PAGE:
5 (ii) Fig. 3.1 shows a trolley attached to the end of a helical spring. The trolley executes simple harmonic motion on the smooth table. Fig. 3.1 (i) Describe how, for this oscillating trolley, you can determine the following quantities using a stopwatch and a ruler. 1 the frequency oscillation The frequency equals 1/period so I would use the stopwatch to measure the period. To do this time 10 or 20 oscillations and then divide the time by the number of oscillations Part (b) (i) is explained well and easily gains all four marks. 2 the maximum speed of the trolley The maximum speed is given by the formula: vmax = (2πf) A. I would measure the amplitude using the ruler and substitute it and the frequency I have already measured into the formula (ii) The amplitude of the trolley is doubled. The trolley still moves in simple harmonic motion. State with a reason the change, if any, in the maximum speed of the trolley. The maximum speed is given by the formula: vmax = (2πf)A. As the trolley still moves in SHM, the maximum speed is doubled In part (b) (ii) the candidate has not stated clearly that SHM is an isochronous motion so fails to gain the second mark. (iii) Using your knowledge of Hooke s law and Newton s second law, determine the period T of the trolley in terms of the force constant k of the spring and the mass m of the trolley. [Total: 10] For a spring F = kx and the mass will In part (b) (iii) the examiner senses that the candidate has done this sort of analysis OCR Level X in Physics A 5
6 have an acceleration of F/m So a = kx/m. For SHM, a = (2πf) 2x giving (2πf) 2 = k/m. and thus T = 2π (m /k). several times before and is familiar with what is required. There is some glossing over of minus signs but the answer is well worth both marks. Comments: The candidate either knows the subject well and/or has used the formulae and relationships sheet to full effect. The total for this question is 9/10. 4(a) (i) Explain the term internal energy. The internal energy of a body is the sum of the kinetic and potential energies of all the atoms of the body. In part (a) (i) there is no mention that the kinetic energy of the atoms is random or that the atoms are moving randomly so the second mark is not awarded. (ii) Define specific heat capacity of a substance. The specific heat capacity of a substance is the energy required per unit mass to increase the temperature by 1 K [1] (b) Consider a 2.0 kg block of aluminium. Assume that the heat capacity of aluminium is independent of temperature and that the internal energy is zero at absolute zero. Also assume that the volume of the block does not change over the range of temperature from 0 K to 293 K. The specific heat capacity of aluminium is 920 J kg 1 K 1. (i) Show that the internal energy of this block at 20 o C is 540 kj. Using E = mcδθ E = = kj (ii) Hence show that the mean internal kinetic energy per atom in the 2.0 kg aluminium block at 20 o C is about J. molar mass of aluminium is kg mol 1. the block contains 74.1 moles of atoms so the number of atoms is 74.1 x 6.02 x = and the mean energy per atom = / = J In part (b) (ii) the calculations have been completed to three significant figures and then in the last line there are only two. The examiners rule is that in show that questions the candidate must indicate somehow that the calculations have been completed to the very end. Rather harshly but for consistency this rule is followed here so the candidate fails to gain the final mark. 6 OCR Level X in Physics A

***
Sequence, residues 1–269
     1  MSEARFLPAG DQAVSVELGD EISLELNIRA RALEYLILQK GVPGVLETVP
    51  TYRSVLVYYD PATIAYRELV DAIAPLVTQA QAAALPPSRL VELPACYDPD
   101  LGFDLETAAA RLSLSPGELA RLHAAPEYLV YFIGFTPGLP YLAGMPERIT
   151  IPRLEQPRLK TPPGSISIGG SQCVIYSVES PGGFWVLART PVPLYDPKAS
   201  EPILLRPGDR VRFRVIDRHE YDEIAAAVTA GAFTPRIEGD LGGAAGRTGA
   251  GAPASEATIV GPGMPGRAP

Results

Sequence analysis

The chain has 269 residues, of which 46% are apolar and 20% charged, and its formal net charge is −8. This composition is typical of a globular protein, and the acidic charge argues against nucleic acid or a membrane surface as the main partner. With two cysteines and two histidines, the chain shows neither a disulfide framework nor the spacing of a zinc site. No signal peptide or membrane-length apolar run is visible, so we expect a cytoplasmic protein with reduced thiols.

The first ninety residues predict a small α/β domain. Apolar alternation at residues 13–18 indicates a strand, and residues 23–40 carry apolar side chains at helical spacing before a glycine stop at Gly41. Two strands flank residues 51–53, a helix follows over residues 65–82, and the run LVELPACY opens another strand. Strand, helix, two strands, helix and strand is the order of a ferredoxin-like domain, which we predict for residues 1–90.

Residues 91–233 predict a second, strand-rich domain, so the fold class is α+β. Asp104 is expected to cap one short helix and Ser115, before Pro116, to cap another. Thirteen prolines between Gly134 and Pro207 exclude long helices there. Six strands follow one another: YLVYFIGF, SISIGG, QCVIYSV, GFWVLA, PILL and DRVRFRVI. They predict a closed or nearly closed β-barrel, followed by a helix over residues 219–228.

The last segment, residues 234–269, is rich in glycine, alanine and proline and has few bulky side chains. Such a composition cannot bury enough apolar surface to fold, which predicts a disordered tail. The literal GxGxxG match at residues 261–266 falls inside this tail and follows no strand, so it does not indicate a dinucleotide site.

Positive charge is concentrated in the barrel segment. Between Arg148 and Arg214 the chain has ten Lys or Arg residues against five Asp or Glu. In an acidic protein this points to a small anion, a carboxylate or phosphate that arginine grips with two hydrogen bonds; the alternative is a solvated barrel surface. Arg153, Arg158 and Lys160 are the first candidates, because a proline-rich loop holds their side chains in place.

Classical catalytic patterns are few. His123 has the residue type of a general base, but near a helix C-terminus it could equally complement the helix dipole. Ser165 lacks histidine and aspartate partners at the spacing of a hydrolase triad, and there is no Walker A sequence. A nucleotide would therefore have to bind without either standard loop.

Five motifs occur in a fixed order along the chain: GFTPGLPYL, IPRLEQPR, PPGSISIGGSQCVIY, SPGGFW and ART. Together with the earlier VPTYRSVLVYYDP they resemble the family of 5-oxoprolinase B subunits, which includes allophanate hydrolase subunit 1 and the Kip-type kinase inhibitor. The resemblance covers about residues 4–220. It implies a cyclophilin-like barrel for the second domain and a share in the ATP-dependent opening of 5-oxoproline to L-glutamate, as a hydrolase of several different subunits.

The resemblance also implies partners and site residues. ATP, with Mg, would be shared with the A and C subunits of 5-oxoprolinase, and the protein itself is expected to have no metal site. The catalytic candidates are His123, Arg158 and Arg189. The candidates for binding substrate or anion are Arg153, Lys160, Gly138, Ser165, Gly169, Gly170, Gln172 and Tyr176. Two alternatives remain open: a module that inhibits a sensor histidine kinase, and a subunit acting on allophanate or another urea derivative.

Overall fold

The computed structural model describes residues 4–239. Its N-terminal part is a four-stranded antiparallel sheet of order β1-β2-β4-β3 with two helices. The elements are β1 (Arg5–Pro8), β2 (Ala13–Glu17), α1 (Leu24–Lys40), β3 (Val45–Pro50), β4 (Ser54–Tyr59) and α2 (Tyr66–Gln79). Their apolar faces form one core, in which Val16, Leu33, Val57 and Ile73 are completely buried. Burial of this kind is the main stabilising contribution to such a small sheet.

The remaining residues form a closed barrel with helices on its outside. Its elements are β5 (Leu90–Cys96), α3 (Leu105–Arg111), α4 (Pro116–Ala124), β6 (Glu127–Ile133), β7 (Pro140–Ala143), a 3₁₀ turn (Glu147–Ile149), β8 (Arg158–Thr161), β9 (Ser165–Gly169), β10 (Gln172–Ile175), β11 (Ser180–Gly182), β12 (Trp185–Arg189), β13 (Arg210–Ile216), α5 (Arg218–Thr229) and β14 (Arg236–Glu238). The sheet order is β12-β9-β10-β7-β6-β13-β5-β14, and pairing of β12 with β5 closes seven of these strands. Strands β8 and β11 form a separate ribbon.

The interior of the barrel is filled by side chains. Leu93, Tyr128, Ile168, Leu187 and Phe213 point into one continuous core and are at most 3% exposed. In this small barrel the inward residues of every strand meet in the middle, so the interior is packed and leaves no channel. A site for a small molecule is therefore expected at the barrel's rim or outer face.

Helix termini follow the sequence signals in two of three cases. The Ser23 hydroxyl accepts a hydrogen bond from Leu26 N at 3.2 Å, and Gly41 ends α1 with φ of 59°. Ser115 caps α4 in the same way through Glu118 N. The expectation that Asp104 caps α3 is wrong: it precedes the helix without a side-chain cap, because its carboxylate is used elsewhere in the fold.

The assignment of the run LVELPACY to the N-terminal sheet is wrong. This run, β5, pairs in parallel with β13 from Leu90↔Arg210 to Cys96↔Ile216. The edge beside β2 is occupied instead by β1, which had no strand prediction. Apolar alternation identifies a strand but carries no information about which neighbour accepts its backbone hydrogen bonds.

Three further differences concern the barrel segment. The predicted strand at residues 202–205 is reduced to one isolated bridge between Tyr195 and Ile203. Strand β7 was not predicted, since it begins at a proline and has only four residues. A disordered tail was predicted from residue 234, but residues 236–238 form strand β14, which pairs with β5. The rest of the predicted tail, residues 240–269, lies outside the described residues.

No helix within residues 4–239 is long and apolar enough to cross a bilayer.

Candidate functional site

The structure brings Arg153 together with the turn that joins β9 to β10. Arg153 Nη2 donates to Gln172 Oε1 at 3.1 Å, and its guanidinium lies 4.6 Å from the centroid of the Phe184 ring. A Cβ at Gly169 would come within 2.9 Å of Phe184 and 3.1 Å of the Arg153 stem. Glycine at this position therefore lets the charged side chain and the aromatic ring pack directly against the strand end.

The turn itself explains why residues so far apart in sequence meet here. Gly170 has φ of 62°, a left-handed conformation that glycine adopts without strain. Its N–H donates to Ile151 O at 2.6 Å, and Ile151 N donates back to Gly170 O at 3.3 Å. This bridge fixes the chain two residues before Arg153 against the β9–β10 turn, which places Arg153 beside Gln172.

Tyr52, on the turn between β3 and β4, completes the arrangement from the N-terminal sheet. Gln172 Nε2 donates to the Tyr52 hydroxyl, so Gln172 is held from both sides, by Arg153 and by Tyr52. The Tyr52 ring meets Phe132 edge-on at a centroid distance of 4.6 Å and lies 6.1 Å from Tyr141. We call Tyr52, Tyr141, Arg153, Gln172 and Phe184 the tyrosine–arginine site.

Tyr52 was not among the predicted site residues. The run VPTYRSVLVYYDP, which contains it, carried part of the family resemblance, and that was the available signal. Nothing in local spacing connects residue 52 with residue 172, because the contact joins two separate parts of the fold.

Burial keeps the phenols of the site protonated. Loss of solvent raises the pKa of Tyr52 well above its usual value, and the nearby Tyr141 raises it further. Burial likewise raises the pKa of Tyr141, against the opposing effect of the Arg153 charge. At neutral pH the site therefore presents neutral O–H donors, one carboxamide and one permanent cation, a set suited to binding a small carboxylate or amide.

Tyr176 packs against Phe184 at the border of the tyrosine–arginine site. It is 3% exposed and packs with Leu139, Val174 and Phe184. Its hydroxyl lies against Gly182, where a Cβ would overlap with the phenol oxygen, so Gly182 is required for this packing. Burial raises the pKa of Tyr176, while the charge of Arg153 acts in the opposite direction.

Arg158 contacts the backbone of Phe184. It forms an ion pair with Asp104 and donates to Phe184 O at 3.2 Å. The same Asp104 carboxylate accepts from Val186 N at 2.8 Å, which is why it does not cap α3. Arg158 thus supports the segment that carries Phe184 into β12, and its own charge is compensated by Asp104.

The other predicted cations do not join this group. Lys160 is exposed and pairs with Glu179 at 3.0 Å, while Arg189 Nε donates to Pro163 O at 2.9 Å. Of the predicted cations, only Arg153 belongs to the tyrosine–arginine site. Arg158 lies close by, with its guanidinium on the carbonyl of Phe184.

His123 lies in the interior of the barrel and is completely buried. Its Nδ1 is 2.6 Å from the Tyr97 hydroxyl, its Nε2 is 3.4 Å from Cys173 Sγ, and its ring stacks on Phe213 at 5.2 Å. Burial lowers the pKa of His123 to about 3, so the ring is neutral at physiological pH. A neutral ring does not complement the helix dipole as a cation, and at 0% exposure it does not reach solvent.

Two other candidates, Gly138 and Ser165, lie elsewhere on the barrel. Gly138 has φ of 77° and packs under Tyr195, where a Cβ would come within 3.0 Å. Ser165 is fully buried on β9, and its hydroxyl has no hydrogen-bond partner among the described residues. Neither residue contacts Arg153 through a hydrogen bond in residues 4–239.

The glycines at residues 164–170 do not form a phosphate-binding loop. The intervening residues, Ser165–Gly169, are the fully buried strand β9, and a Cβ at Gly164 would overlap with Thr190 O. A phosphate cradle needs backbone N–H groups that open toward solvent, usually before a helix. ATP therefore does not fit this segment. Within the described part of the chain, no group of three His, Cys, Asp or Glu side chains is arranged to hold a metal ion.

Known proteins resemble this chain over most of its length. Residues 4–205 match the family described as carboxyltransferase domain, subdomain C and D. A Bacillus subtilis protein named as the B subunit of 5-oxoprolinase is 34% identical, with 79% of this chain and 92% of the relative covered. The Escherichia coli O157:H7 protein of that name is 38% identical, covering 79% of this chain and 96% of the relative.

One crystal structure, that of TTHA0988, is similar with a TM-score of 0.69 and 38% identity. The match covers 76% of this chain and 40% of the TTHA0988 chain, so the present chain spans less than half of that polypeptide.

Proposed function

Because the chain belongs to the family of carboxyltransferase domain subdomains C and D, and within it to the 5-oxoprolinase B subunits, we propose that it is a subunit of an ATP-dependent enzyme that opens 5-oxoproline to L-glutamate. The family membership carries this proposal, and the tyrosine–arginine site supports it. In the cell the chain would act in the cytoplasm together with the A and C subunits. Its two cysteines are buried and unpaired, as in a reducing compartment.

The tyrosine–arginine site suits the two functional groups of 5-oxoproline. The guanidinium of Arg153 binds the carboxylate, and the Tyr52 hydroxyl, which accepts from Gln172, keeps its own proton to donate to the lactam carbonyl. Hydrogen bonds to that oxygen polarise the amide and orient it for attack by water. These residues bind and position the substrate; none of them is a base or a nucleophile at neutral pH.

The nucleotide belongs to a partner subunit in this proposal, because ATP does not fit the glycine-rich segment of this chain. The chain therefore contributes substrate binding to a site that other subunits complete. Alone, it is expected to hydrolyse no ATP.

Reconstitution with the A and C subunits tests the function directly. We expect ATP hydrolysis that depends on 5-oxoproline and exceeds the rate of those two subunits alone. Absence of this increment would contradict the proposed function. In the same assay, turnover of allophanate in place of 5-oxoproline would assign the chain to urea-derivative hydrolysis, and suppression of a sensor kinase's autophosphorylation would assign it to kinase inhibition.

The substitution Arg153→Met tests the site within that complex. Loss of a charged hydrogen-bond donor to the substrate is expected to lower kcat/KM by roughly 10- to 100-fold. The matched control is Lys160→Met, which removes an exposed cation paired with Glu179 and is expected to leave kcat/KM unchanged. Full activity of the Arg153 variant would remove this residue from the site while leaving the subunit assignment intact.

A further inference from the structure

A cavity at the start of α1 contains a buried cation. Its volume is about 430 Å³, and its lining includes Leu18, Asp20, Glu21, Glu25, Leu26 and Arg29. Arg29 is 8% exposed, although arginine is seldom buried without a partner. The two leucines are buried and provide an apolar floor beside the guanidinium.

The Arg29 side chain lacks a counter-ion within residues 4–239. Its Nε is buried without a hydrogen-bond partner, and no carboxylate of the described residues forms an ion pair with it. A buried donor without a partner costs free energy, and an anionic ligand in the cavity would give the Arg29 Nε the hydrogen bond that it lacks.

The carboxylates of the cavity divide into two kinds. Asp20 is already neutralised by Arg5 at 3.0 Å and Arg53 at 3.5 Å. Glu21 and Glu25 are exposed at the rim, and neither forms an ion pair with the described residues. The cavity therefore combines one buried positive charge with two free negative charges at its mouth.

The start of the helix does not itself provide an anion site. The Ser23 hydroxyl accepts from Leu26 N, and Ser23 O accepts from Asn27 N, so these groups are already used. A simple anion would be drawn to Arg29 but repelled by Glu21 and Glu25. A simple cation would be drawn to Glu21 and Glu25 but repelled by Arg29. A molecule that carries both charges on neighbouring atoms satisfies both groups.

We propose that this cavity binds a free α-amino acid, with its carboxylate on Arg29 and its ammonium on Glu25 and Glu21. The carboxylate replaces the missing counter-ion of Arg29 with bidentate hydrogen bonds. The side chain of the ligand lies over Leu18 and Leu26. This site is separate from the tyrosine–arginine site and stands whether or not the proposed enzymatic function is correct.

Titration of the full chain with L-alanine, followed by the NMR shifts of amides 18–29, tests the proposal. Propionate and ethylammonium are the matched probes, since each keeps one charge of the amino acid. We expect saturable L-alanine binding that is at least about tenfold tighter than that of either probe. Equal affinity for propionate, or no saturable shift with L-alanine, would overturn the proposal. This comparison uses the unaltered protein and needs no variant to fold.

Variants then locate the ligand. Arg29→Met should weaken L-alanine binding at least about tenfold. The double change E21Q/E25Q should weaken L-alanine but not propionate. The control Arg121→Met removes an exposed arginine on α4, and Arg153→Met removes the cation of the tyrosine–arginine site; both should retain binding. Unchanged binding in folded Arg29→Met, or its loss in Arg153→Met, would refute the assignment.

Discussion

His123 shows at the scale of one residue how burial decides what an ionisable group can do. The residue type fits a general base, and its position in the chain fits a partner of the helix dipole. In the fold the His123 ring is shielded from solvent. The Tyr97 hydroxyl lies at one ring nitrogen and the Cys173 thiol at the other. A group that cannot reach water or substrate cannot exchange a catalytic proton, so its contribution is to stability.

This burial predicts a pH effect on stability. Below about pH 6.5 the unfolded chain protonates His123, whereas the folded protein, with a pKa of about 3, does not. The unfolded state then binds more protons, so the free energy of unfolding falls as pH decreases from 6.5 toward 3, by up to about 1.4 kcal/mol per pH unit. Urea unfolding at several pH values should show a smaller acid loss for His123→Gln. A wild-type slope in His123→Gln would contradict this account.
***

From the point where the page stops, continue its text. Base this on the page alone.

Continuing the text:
7 (iii) In 1819, Dulong and Petit measured the specific heat capacities of bodies made from different substances and found that for one mole of each substance, the molar heat capacity was about 25 J mol 1 K 1. Use the data from either (i) or (ii) to show that this is true for aluminium. 540 kj is the energy of 74.1 moles of aluminium so the energy per mol is 7.3 kj mol 1 In part (b) (iii) the calculation is left incomplete. For some reason the candidate has not realised that all that has to be done is to divide the number that has been reached by the temperature, namely 293 to achieve the required answer. The mark scheme requires this division for the first mark so the candidate scores zero. (c) A student performs an experiment to measure the specific heat capacity of a 1 kg aluminium block using the apparatus shown in Fig 4.1. Fig 4.1 He heats the block using a 50 W electrical heater. Using the value for aluminium from a data book, he predicts the time to heat the block from 20 o C to 30 o C, to be 3.1 minutes. He heats the block for this time but finds that the temperature of the block continues to rise after he switches the heater off. He also finds that the highest temperature reached is only 9.1 o C. Explain his observations and why he does not obtain the data book value of 920 J kg 1 K 1. [4] [Total: 14] Heat energy from the heater is still passing through the block when the heater is switched off as the block is hotter at the heater than at the thermometer. Some of the energy escapes from the surfaces of the block to the surroundings so its temperature cannot rise by 10 K. In part (c) the answer is essentially complete but the candidate surprisingly has not used any of the thermal energy transfer words, e.g. conduction in the metal and convection and radiation from the surface. Thus the mark awarded is only three. OCR Level X in Physics A 7